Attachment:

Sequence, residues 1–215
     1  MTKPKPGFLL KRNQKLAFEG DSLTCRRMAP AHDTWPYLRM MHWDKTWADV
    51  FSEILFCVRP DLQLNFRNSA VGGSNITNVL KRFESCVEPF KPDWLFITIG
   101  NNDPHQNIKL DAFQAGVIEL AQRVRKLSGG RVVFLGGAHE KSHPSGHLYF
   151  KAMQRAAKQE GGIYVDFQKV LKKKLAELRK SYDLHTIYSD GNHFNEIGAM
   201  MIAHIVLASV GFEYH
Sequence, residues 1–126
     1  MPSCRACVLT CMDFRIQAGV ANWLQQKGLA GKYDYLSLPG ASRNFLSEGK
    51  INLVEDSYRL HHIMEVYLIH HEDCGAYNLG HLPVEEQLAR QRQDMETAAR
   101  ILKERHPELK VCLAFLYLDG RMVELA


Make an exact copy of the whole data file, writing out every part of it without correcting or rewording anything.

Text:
Sequence, residues 1–215
     1  MTKPKPGFLL KRNQKLAFEG DSLTCRRMAP AHDTWPYLRM MHWDKTWADV
    51  FSEILFCVRP DLQLNFRNSA VGGSNITNVL KRFESCVEPF KPDWLFITIG
   101  NNDPHQNIKL DAFQAGVIEL AQRVRKLSGG RVVFLGGAHE KSHPSGHLYF
   151  KAMQRAAKQE GGIYVDFQKV LKKKLAELRK SYDLHTIYSD GNHFNEIGAM
   201  MIAHIVLASV GFEYH
Sequence, residues 1–126
     1  MPSCRACVLT CMDFRIQAGV ANWLQQKGLA GKYDYLSLPG ASRNFLSEGK
    51  INLVEDSYRL HHIMEVYLIH HEDCGAYNLG HLPVEEQLAR QRQDMETAAR
   101  ILKERHPELK VCLAFLYLDG RMVELA